Global mining exploration in crisis, but not hopeless – report

30th June 2015

By: Megan van Wyngaardt

Creamer Media Contributing Editor Online


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JOHANNESBURG ( – Global mineral exploration is in crisis, but mining companies can turn their exploration performance around.

“Finding orebodies is not all about luck and success is not unpredictable. And while some companies struggle to replace depleted reserves, those that act in a countercyclical way – that build world-class exploration capabilities – will be rewarded with disproportionate returns,” said The Boston Consulting Group (BCG) partner Alexander Koch, coauthor of a new report by the management consulting firm, titled ‘Tackling the Crisis in Mineral Exploration’.

The report, which was released on Monday, noted that from 2010 to 2013, the yearly number of discoveries, excluding bulk commodities, declined by more than half, even after adjusting for discoveries yet to be drilled out.

The report highlighted that the sharp decline in discoveries occurred despite a period of significant increases in exploration spending, with “giant” discoveries dropping to only one or two a year. At the height of the recent resources boom, average yearly exploration expenditure grew by almost 40% to record levels.

Koch noted that the crisis in mineral exploration had "flown under the radar" for much of the mining industry.

"Since the end of the resources boom, most mining companies have now shifted their focus to productivity and cut back sharply on exploration spending, which has exacerbated the depletion of resources and reserves."

Cyclical increases in drilling costs and the depletion of easy pickings only partly explained the discovery drought.

To shed light on the more fundamental reasons for the exploration crisis, BCG recently worked with six of the world's most “illustrious mineral-exploration legends” – the individuals responsible for such historic finds as Minera Escondida, in Chile, Oyu Tolgoi, in Mongolia, and Olympic Dam and Cadia, in Australia.

The report crystallised the insights on the causes of the crisis and offered their views on the essential ingredients governing exploration success.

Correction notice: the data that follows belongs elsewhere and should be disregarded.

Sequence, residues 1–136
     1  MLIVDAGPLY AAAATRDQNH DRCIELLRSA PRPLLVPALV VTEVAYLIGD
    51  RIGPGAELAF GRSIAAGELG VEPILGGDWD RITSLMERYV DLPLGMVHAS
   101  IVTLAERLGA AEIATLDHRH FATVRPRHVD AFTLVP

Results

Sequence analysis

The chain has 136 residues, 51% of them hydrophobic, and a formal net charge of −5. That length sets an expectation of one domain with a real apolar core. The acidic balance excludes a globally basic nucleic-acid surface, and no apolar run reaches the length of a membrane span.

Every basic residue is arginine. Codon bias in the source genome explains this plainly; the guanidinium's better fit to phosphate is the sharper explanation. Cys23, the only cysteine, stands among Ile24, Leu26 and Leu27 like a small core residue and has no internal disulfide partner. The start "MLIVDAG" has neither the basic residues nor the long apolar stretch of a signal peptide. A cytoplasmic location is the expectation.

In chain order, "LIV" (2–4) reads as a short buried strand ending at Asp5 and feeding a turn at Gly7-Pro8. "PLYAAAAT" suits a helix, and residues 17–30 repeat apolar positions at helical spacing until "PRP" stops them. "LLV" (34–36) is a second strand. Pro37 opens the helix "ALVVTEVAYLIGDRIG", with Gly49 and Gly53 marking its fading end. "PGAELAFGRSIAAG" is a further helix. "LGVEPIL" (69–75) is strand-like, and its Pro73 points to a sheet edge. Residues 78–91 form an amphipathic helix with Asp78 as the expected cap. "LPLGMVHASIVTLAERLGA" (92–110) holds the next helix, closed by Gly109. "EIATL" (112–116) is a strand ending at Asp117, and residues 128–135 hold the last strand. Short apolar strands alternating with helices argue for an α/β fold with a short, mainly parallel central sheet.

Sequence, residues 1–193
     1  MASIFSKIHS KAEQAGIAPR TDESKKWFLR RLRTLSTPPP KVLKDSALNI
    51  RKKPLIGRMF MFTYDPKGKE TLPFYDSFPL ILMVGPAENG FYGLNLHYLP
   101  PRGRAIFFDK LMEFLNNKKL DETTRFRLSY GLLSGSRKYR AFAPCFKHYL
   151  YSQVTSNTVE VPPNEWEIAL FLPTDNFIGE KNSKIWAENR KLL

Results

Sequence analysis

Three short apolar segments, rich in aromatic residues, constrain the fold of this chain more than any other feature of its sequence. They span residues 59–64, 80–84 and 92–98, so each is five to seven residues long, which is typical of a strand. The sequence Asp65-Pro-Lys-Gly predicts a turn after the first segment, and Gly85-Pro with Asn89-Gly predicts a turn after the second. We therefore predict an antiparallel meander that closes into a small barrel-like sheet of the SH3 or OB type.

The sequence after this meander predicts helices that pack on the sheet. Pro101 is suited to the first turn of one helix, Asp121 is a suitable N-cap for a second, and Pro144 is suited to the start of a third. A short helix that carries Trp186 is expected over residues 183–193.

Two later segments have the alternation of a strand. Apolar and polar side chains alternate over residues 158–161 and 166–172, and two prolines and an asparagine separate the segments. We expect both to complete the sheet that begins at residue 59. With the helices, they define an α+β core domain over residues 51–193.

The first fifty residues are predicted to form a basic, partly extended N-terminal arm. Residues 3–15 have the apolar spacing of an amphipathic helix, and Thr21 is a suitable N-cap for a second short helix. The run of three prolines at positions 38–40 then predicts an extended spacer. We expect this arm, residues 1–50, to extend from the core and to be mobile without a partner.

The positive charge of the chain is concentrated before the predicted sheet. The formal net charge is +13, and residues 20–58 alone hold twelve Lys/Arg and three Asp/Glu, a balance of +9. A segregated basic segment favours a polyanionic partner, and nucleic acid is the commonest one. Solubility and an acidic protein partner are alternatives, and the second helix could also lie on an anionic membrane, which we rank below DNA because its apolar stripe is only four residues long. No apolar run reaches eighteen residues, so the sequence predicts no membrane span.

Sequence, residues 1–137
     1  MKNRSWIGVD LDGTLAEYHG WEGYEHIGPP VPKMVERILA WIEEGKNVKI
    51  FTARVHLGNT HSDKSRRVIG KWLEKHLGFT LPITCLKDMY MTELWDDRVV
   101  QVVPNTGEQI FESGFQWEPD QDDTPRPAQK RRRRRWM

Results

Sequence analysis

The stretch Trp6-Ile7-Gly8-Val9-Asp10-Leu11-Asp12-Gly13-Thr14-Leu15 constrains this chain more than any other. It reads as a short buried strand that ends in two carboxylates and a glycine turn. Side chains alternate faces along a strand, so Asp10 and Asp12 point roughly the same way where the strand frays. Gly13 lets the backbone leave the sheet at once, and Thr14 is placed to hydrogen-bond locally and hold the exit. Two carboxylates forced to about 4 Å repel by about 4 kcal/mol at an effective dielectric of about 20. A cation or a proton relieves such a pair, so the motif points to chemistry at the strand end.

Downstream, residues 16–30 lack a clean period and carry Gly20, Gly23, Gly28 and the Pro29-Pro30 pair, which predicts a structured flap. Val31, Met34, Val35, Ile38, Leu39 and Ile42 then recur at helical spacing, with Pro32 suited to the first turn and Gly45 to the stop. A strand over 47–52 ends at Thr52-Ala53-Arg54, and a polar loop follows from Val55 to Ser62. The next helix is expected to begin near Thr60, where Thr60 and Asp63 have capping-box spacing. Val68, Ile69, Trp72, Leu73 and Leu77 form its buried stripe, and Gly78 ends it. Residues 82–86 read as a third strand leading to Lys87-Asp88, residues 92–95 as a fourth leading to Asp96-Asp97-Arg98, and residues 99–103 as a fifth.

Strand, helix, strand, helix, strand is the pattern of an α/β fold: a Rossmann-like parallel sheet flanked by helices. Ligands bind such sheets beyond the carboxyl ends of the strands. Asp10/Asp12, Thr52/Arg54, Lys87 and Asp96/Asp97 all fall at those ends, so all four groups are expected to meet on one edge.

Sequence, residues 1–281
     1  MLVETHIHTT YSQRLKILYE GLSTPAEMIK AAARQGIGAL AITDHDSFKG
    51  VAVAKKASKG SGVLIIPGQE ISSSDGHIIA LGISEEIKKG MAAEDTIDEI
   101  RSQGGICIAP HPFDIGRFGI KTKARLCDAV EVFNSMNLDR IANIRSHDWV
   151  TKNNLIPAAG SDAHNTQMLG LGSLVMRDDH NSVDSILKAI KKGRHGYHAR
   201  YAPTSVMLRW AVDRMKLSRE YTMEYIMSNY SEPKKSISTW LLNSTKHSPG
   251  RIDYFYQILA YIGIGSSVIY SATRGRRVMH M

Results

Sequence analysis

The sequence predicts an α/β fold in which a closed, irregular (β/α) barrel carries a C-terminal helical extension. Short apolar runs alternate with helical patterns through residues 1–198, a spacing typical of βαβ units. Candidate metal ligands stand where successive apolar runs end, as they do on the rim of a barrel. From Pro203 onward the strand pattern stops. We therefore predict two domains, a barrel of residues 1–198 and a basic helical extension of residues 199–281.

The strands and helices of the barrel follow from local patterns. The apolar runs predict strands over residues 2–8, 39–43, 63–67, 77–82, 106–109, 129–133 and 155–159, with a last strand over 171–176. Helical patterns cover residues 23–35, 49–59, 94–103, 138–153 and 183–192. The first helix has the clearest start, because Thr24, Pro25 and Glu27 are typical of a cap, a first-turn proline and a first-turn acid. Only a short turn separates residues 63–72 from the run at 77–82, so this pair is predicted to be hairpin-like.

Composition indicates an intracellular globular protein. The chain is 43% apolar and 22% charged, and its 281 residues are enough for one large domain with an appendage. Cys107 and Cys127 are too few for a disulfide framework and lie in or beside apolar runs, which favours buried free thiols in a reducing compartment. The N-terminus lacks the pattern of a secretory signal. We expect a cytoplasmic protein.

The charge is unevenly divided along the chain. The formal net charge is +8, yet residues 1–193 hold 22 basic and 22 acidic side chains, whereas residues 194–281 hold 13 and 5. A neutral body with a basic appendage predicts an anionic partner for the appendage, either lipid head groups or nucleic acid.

The interviewed parties insisted that the crisis was not the result of external factors, such as geology, industry economics, or other macroeconomic forces, or that successful discovery depended on luck or funding.

“Leadership is paramount. Beyond that, four critical areas make the difference: exploration strategy – the operational approach to finding ore bodies; exploration management – the principles companies follow in running exploration; innovation – in ideas and approaches, as well as technology; and talent development and people management,” the report suggested.

It also found that while science had its place, it was “no substitute for field observation and drilling”.

“Risk-averse companies often forgo greenfield exploration in favour of brownfield exploration. But in doing so, they incur more risk than if they had balanced the two types of exploration in a portfolio approach. Exploration should be run as a profit center,” the report stated.

Further, it highlighted that talent made the critical difference in exploration success. “Yet, many companies overlook the people management practices that are crucial to exploration success. These include recruiting ore finders, mentoring young geologists, balancing the mix of staff and contract geologists, and creating employment stability,” it noted.

Mineral discovery, according to Koch, was a key factor in superior value creation for shareholders. "The downturn in prices has highlighted the importance of mineral discovery – especially in greenfield settings – as a source of high-value deposits that can pay their way through almost all parts of the commodity cycle," Koch said.

To optimise exploration, address the productivity challenge and improve the long-term value of exploration to the corporate portfolio, mining companies needed to apply an integrated approach that tackled the four critical performance areas, namely exploration strategy, exploration management, innovation, and talent development and people management.

The report also suggested that mining companies needed to recognise the ways in which decisions and actions in any one area could counteract (or augment) performance in the others. "Companies can, thus, prioritise interventions and apply organisation resources in the most efficient, high-impact way," explained a BCG principal and report coauthor Dale Schilling.

Edited by Tracy Hancock
Creamer Media Contributing Editor


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